About the authors

This work is co-authored by staff from PSI and Jhpiego. Both organizations are rapidly employing existing and new resources to respond to the COVID-19 pandemic, as well as ensure existing health system capacity is maintained in critical health areas. Through the Self Care Trailblazers Group, generously supported by the Children’s Investment Fund Foundation (UK) and the William and Flora Hewlett Foundation, both PSI and Jhpiego benefit from the collective wisdom and momentum of many organizations working in self-care at global and country level, from FHI 360, PATH, White Ribbon Alliance, IPPF, the Self Care Academic Research Unit at Imperial College London, Johns Hopkins University, SH:24, EngenderHealth, Aidsfonds, Voluntary Service Overseas (VSO) and many others. The technical leadership and support of the World Health Organization has also been vitally important to strengthening the emerging self-care movement, alongside the growing support from the USAID Office of Population & Reproductive Health, the Bill & Melinda Gates Foundation and the UK Department for International Development.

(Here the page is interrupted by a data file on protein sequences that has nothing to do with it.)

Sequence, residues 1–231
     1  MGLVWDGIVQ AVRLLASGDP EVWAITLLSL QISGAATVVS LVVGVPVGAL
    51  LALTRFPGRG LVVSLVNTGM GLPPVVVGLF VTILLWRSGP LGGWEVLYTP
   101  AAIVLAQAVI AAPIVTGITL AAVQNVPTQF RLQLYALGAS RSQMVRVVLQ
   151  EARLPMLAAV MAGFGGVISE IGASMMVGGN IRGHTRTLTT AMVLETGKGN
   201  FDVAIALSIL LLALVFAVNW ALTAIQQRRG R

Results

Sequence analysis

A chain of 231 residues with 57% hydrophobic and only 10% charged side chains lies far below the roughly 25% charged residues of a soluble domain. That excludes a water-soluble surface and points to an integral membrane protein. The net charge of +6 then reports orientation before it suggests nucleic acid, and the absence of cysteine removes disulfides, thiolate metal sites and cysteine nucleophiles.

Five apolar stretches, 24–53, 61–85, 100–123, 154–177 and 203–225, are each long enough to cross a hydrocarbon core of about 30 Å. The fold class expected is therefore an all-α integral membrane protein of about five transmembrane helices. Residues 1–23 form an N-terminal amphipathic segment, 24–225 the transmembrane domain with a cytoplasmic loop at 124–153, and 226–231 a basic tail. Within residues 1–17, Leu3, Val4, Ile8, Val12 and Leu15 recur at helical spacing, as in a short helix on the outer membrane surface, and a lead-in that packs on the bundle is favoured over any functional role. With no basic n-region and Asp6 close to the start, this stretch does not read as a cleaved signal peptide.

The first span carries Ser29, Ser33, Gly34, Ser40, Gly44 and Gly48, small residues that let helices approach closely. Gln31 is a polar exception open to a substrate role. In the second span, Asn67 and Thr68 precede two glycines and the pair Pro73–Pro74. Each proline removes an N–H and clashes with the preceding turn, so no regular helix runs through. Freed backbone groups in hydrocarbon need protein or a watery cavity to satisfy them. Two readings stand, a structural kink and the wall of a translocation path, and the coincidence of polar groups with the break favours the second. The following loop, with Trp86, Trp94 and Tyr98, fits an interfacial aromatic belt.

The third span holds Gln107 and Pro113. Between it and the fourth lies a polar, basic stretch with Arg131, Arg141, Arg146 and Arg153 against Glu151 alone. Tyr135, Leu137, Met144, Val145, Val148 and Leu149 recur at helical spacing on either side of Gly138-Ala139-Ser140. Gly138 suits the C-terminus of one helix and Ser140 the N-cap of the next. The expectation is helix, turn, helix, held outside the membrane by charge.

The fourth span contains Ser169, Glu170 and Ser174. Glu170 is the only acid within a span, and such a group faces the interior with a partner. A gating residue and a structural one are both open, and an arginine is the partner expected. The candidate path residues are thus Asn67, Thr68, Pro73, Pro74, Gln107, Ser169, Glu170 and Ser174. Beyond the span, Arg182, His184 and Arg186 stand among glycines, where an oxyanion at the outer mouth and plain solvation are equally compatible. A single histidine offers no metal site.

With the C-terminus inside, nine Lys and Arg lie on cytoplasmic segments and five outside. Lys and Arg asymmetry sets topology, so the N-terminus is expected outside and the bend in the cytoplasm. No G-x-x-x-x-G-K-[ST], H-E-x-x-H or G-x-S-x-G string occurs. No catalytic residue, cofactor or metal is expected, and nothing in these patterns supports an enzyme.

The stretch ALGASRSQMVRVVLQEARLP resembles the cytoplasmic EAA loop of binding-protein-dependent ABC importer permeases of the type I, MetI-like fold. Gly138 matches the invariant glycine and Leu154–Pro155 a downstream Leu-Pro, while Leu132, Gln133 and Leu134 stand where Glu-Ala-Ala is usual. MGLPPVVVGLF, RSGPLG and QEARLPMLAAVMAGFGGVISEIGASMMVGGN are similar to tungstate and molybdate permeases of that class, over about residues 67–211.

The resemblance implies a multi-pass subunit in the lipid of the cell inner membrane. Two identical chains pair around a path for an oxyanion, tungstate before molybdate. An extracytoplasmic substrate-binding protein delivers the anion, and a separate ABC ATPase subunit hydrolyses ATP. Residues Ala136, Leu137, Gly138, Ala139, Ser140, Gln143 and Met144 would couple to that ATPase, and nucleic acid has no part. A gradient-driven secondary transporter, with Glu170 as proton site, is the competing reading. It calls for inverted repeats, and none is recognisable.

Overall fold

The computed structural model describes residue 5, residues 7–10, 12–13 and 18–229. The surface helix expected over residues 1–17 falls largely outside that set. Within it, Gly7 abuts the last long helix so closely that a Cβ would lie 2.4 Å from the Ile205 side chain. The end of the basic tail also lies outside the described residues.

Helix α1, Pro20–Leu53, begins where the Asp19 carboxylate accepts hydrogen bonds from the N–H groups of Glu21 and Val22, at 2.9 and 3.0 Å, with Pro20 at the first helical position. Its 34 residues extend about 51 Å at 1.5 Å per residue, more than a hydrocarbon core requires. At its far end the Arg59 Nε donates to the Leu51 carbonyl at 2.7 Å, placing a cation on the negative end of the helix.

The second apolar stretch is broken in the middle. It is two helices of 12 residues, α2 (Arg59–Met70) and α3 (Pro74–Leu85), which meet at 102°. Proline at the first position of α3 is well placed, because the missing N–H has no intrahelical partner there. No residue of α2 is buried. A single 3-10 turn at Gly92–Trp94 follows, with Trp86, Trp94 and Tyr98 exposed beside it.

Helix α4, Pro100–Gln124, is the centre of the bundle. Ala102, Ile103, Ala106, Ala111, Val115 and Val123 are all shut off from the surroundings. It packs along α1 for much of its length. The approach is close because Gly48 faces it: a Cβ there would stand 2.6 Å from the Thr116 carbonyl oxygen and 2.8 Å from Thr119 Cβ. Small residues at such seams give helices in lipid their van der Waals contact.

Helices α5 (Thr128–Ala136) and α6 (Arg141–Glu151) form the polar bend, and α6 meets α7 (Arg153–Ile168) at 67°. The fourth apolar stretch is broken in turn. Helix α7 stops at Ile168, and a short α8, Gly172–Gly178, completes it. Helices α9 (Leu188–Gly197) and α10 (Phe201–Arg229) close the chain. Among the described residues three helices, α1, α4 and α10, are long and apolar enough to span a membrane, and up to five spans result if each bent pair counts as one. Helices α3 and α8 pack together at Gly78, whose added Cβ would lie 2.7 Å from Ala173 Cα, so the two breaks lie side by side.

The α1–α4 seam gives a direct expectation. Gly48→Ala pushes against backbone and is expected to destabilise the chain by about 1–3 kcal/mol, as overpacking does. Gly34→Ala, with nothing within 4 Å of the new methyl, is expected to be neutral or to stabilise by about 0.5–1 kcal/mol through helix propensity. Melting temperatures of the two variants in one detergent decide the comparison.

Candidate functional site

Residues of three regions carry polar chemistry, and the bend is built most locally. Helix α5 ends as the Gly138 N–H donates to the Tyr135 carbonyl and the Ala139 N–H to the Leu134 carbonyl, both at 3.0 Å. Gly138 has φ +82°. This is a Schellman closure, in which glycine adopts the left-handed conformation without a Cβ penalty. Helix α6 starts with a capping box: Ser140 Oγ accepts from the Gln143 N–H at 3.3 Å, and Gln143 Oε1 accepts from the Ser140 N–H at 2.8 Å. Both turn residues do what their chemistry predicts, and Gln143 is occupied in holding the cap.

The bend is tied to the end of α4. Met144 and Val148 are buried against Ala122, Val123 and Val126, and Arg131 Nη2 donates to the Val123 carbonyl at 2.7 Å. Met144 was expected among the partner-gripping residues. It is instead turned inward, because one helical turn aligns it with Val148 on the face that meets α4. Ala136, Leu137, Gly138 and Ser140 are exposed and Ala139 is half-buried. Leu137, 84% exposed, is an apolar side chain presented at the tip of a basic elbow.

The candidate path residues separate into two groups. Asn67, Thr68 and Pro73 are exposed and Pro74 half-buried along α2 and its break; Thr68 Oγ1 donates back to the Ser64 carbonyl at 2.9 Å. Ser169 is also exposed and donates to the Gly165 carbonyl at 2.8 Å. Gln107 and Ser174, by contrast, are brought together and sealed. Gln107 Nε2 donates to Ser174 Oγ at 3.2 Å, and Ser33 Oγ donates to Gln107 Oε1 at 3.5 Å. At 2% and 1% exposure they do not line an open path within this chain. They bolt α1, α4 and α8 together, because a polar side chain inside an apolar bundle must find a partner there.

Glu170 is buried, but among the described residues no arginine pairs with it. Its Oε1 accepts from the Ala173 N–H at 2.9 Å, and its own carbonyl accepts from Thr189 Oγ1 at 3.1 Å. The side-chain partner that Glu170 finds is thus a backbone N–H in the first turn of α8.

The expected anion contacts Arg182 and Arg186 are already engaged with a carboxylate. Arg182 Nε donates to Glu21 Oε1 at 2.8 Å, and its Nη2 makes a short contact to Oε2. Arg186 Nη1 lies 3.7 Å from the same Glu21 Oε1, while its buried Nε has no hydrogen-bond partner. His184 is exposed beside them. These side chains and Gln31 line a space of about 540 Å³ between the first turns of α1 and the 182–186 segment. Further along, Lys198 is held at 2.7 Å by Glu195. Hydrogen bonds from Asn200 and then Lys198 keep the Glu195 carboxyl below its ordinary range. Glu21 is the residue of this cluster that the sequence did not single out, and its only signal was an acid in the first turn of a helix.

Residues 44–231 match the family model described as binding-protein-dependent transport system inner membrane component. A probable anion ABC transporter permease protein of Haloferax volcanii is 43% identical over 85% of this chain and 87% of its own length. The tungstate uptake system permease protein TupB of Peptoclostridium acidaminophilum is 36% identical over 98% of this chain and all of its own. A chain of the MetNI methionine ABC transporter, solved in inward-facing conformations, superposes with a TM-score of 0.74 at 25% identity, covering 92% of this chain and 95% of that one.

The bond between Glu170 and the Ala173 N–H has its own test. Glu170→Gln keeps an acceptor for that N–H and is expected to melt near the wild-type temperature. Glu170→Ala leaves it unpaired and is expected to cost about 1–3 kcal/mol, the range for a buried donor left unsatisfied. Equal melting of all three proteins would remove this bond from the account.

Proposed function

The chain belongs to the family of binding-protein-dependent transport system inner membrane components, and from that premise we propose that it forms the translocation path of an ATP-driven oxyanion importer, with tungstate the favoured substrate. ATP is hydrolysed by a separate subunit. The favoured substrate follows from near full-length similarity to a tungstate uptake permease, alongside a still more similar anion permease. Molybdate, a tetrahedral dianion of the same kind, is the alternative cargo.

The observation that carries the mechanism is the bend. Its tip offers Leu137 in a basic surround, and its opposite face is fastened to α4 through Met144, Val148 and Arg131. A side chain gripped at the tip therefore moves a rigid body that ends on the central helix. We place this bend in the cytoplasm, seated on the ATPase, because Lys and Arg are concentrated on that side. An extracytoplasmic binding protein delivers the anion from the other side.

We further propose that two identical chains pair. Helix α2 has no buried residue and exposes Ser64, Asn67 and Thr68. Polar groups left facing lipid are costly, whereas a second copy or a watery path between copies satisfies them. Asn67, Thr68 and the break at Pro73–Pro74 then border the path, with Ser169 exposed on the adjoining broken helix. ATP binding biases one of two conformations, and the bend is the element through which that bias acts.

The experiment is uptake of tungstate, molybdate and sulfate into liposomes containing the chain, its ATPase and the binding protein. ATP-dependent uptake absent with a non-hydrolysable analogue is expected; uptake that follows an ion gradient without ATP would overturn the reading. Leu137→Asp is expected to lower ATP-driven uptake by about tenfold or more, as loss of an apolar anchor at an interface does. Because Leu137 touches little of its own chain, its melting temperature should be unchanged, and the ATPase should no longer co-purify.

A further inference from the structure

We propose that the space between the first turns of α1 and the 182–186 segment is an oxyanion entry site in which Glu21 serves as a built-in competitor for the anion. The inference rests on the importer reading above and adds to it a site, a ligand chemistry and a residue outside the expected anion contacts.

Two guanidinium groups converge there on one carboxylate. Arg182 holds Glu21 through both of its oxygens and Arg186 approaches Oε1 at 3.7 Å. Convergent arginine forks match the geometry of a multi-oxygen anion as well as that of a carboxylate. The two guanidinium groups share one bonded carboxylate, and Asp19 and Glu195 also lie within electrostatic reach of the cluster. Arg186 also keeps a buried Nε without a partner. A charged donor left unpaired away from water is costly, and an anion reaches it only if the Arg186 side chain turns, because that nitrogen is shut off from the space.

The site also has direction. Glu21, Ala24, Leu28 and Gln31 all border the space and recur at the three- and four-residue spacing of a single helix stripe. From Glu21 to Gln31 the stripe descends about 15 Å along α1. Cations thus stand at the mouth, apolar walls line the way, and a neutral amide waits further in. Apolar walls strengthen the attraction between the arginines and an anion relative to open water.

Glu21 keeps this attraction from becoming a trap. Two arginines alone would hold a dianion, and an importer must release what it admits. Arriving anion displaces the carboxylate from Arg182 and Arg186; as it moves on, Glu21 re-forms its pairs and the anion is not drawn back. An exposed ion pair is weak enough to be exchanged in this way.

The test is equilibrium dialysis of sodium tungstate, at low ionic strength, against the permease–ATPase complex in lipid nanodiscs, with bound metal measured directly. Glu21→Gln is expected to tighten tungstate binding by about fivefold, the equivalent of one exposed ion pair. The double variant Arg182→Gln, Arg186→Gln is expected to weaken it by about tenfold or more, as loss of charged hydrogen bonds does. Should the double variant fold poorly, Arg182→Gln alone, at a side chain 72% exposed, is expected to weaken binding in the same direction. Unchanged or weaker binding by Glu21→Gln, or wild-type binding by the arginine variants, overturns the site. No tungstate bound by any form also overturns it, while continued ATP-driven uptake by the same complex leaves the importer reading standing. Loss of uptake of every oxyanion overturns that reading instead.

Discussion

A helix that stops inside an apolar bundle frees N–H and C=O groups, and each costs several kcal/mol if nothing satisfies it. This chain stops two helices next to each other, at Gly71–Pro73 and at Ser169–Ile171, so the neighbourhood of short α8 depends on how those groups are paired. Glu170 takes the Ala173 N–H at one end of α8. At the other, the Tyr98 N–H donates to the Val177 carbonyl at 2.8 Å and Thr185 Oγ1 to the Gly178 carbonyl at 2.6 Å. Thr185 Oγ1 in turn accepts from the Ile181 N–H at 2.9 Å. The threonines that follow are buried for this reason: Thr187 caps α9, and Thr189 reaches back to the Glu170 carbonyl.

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Pierre Moon

Director of SIFPO2 Project, Population Services International, PSI

Pierre Moon works at Population Services International, based in Washington, DC, as director of the USAID-funded SIFPO2 project that manages USAID service delivery programs in approximately 20 countries. Many of these programs promote self-management interventions, from the self-injection of DMPA-SC to HIV self-testing. Mr. Moon also helps coordinate the Data and Knowledge Working Group (formerly Technical Working Group) within the Self-Care Trailblazer Group.

Megan Christofield